Alternative Psychomotor Domain Taxonomy Versions
A. Simpson’s Psychomotor Domain Taxonomy:
Elizabeth Simpson’s interpretation of the Psychomotor domain differs from Dave’s chiefly because it contains extra two levels prior to the initial imitation or copy stage. Arguably for certain situations, Simpson’s first two levels, ‘Perception’ and ‘Set’ stage are assumed or incorporated within Dave’s first ‘Imitation’ level, assuming that you are dealing with fit and healthy people (probably adults rather than young children), and that ‘getting ready’ or ‘preparing oneself’ is part of the routine to be taught, learned or measured. If not, then the more comprehensive Simpson version might help ensure that these two prerequisites for physical task development are checked and covered. As such, the Simpson model or the Harrow version is probably preferable than the Dave model for the development of young children.
|psychomotor domain (simpson)|
|level||category or ‘level’||description||examples of activity or demonstration and evidence to be measured||‘key words’ (verbs which describe the activity to be trained or measured at each level)|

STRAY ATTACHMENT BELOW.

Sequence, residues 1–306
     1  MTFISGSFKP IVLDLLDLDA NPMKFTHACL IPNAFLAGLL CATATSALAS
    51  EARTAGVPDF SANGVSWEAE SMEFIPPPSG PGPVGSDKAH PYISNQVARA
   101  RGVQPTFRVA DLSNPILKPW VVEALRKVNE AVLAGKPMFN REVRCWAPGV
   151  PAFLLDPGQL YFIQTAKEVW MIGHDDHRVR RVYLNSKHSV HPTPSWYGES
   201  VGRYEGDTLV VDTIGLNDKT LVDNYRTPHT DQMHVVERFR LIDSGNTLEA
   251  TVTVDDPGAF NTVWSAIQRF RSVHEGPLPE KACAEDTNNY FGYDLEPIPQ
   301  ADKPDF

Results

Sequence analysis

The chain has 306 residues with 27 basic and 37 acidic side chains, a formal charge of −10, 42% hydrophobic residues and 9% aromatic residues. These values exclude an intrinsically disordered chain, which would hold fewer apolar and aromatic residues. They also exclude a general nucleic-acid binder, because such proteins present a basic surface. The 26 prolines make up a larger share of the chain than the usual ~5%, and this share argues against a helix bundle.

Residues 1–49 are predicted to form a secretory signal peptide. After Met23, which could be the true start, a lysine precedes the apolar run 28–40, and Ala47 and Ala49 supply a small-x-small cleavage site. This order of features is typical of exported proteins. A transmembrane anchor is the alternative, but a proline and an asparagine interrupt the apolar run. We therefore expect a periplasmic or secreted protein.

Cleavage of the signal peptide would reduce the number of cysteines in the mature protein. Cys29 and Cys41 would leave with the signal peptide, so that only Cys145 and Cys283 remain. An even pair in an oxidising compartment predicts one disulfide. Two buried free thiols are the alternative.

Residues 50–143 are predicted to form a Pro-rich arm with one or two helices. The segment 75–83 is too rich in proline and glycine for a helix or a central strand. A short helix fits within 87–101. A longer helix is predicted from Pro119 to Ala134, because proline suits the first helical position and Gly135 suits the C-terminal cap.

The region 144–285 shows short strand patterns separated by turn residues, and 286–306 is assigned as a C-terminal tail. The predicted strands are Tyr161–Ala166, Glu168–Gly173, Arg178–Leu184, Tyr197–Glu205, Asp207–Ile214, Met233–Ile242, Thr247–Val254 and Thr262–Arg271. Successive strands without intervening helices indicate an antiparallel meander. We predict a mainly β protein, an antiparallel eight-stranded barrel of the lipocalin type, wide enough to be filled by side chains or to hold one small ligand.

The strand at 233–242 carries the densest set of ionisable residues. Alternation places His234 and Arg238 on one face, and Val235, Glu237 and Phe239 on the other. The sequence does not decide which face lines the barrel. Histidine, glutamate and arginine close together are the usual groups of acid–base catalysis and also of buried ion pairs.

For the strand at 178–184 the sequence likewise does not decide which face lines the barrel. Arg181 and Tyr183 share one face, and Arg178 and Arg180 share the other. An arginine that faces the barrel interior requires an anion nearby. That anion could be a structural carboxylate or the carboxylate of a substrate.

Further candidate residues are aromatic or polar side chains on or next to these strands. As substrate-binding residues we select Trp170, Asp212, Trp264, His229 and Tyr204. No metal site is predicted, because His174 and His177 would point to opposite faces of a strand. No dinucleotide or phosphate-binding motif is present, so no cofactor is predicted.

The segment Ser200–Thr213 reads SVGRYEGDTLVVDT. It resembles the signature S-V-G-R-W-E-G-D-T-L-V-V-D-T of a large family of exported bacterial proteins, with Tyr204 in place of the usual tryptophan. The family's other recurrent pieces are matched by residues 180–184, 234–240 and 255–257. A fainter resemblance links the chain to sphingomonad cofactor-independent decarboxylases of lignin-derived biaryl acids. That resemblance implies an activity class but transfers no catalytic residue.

|1||Perception||awareness||use and/or selection of senses to absorb data for guiding movement||recognise, distinguish, notice, touch , hear, feel, etc|
|2||Set||readiness||mental, physical or emotional preparation before experience or task||arrange, prepare, get set|
|3||Guided Response||attempt||imitate or follow instruction, trial and error||imitate, copy, follow, try|
|4||Mechanism||basic proficiency||competently respond to stimulus for action||make, perform, shape, complete|
|5||Complex Overt Response||expert proficiency||execute a complex process with expertise||coordinate, fix, demonstrate|
|6||Adaptation||adaptable proficiency||alter response to reliably meet varying challenges||adjust, integrate, solve|
|7||Origination||creative proficiency||develop and execute new integrated responses and activities||design, formulate, modify, re-design, trouble-shoot|
Adapted and simplified representation of Simpson’s Psychomotor Domain (‘The classification of educational objectives in the psychomotor domain’, 1972). Elizabeth Simpson seems actually to have first presented her Psychomotor Domain interpretation in 1966 in the Illinois Journal of Home Economics. Hence you may see the theory attributed to either 1966 or 1972.